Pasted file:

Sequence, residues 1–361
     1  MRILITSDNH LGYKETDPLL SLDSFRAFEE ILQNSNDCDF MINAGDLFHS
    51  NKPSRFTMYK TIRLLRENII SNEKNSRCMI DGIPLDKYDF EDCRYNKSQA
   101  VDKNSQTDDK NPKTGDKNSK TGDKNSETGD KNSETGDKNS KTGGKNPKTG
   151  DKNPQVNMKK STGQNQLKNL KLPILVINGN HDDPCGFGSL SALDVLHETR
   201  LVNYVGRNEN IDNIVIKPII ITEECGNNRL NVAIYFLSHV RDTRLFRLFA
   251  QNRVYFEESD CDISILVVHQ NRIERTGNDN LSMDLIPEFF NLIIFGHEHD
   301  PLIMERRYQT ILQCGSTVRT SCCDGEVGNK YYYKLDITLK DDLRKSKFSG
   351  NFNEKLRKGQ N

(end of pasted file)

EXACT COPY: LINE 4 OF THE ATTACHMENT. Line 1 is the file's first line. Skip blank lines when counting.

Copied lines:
   101  VDKNSQTDDK NPKTGDKNSK TGDKNSETGD KNSETGDKNS KTGGKNPKTG